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Integration of a Real-Time Water and Weather Monitoring System into a HydrologyCourseThis paper will discuss the authors’ experiences in integrating a real-time water and weathermonitoring lab, called the LabVIEW Enabled Watershed Assessment System (LEWAS), into asenior level hydrology course at a large public university. LEWAS uniquely integratesLabVIEW’s data acquisition capability with the water and weather hardware. Specifically, itincludes a Hydrolab sonde which collects water quality data, an acoustic doppler flow meterwhich measures flow and stage of the stream, and a weather data collection station at a creekthat flows through the campus.The goal is to enhance student learning by incorporating LEWAS-based hands-on modules.Three learning modules were developed and implemented: (i) Storm Characteristics Module:Data collected at the outdoor site of LEWAS, were used to discuss the rainfall-runoffrelationship in a small urbanized watershed. Analysis tasks for a particular stormincluded determining the baseflow, the volume of rainfall and runoff, and the runoffcoefficient. (ii) Land Cover-Water Quality Correlation Module: LEWAS’ capability allowsstudents to learn about the relationship between land cover and water quality based onthe constituents being measured. Detailed digitized land cover and storm quantity andquality data were analyzed to show how water quality and land cover are related. Thismodule allowed students to critically think about the relationship of land cover and waterquality through the use of local, long-term data. (iii) Watershed Wiki Module: LEWASwas employed to motivate students about the importance of monitoring our sustainableresources. Two of the most important advantages of LEWAS are that it is monitoringthe watershed in which the classroom is located, and that the data is web-accessible.This module entailed assigning teams of students throughout the semester to visit theoutlet monitoring site and write daily reports on the class Wiki about the unit’sperformance and the monitoring results. The groups acted as the watershedassessment team for the assigned week, preparing data tables and graphs for weather,flow, and water quality.Student perceptions are documented using pre-and post-test survey instruments, andlessons learned are documented. This project is supported under the NSF TransformingUndergraduate Education in STEM (TUES) Program.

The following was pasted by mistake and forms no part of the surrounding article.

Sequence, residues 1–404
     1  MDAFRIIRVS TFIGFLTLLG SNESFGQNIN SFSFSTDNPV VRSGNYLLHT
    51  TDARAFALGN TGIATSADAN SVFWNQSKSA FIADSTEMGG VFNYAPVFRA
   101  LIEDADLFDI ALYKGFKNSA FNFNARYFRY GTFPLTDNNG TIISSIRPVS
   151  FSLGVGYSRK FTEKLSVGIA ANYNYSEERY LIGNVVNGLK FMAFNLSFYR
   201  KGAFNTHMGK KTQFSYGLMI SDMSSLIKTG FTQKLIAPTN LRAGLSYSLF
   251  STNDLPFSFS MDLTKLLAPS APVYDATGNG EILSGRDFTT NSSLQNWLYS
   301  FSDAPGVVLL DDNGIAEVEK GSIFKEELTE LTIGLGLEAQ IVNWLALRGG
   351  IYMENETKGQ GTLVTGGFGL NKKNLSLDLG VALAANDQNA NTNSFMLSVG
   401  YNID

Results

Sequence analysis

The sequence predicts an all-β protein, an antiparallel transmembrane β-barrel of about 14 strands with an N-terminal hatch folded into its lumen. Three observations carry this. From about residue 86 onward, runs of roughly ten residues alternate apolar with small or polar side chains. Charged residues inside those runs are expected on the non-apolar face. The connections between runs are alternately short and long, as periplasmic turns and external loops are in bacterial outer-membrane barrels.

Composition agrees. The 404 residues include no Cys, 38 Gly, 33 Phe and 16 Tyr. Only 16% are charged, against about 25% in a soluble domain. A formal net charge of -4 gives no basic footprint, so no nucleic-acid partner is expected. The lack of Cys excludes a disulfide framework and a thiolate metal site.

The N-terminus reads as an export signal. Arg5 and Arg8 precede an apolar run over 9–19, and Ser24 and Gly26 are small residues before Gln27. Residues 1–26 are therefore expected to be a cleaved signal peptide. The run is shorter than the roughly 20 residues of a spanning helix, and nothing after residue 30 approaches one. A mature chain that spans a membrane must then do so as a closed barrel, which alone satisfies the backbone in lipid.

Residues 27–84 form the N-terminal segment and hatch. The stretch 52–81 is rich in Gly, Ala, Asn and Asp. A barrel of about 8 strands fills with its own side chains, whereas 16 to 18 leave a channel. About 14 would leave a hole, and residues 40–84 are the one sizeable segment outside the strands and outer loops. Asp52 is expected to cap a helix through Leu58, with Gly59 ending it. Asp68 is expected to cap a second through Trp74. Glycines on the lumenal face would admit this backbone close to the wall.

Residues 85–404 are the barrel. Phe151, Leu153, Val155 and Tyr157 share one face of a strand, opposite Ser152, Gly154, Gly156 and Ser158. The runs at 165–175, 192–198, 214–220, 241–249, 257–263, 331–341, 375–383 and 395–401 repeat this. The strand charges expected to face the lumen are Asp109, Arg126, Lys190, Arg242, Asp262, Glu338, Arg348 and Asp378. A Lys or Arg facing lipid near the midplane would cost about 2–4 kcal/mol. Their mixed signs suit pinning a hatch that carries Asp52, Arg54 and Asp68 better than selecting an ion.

Dymond, R. L., & Lohani, V. K., & Brogan, D. S., & Martinez, M. A. (2013, June), Integration of a Real-Time Water and Weather Monitoring System into a Hydrology Course Paper presented at 2013 ASEE Annual Conference & Exposition, Atlanta, Georgia. 10.18260/1-2--19797